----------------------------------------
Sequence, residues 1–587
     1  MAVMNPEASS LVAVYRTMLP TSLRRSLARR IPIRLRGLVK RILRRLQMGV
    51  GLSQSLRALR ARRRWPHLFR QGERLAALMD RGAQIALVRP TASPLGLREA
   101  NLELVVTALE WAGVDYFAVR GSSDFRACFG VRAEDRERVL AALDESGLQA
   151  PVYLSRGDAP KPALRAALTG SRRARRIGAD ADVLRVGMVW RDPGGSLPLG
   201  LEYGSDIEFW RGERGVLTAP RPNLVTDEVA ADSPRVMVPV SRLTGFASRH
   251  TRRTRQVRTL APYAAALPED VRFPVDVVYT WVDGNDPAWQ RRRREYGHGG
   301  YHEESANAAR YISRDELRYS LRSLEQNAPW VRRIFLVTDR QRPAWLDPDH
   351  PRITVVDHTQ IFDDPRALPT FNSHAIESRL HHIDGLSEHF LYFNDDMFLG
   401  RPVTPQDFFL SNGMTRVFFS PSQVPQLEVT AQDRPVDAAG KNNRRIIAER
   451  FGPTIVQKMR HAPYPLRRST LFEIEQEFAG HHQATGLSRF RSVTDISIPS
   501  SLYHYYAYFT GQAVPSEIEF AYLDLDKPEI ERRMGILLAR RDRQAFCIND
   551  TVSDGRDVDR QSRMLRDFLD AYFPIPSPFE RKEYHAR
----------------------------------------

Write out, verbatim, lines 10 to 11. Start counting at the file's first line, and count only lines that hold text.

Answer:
   401  RPVTPQDFFL SNGMTRVFFS PSQVPQLEVT AQDRPVDAAG KNNRRIIAER
   451  FGPTIVQKMR HAPYPLRRST LFEIEQEFAG HHQATGLSRF RSVTDISIPS